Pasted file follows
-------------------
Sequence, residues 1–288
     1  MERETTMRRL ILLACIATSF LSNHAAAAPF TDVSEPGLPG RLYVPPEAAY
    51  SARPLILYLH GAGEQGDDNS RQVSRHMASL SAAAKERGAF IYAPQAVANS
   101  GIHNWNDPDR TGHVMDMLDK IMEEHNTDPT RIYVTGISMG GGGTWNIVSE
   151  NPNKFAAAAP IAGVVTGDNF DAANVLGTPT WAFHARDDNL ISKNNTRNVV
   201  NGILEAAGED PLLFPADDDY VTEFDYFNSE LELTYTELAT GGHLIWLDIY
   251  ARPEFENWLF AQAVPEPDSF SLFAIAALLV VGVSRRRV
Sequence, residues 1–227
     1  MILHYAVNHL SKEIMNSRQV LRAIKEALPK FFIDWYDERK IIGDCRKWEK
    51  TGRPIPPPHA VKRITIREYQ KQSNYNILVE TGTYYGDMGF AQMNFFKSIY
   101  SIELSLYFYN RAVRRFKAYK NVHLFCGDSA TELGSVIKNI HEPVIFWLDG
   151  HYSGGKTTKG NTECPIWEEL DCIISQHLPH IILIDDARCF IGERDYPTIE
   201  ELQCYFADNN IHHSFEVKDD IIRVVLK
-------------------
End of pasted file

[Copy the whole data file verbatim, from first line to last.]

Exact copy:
Sequence, residues 1–288
     1  MERETTMRRL ILLACIATSF LSNHAAAAPF TDVSEPGLPG RLYVPPEAAY
    51  SARPLILYLH GAGEQGDDNS RQVSRHMASL SAAAKERGAF IYAPQAVANS
   101  GIHNWNDPDR TGHVMDMLDK IMEEHNTDPT RIYVTGISMG GGGTWNIVSE
   151  NPNKFAAAAP IAGVVTGDNF DAANVLGTPT WAFHARDDNL ISKNNTRNVV
   201  NGILEAAGED PLLFPADDDY VTEFDYFNSE LELTYTELAT GGHLIWLDIY
   251  ARPEFENWLF AQAVPEPDSF SLFAIAALLV VGVSRRRV
Sequence, residues 1–227
     1  MILHYAVNHL SKEIMNSRQV LRAIKEALPK FFIDWYDERK IIGDCRKWEK
    51  TGRPIPPPHA VKRITIREYQ KQSNYNILVE TGTYYGDMGF AQMNFFKSIY
   101  SIELSLYFYN RAVRRFKAYK NVHLFCGDSA TELGSVIKNI HEPVIFWLDG
   151  HYSGGKTTKG NTECPIWEEL DCIISQHLPH IILIDDARCF IGERDYPTIE
   201  ELQCYFADNN IHHSFEVKDD IIRVVLK